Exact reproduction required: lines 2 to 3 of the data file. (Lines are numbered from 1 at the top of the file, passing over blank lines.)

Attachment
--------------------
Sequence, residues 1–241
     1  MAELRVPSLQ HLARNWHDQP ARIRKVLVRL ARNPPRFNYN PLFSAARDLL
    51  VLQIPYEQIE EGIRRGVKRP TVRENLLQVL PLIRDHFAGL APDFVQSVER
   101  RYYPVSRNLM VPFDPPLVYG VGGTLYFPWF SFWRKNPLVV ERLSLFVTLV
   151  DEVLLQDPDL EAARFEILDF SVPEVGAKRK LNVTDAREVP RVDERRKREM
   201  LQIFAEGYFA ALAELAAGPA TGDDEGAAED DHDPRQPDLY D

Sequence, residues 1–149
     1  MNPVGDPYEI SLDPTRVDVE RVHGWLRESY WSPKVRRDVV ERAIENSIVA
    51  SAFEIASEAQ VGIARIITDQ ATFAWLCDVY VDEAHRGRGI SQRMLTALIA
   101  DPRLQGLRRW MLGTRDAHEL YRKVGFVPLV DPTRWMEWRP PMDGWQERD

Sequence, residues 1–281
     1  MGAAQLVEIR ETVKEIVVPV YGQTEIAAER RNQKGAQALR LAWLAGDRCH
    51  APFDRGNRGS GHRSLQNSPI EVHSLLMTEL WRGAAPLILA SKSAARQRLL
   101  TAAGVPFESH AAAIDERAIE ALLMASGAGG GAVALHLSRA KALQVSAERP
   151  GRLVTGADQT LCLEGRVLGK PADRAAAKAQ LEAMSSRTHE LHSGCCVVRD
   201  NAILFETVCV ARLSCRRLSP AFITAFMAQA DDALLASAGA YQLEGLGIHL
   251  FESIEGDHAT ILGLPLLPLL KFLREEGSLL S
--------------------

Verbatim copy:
     1  MAELRVPSLQ HLARNWHDQP ARIRKVLVRL ARNPPRFNYN PLFSAARDLL
    51  VLQIPYEQIE EGIRRGVKRP TVRENLLQVL PLIRDHFAGL APDFVQSVER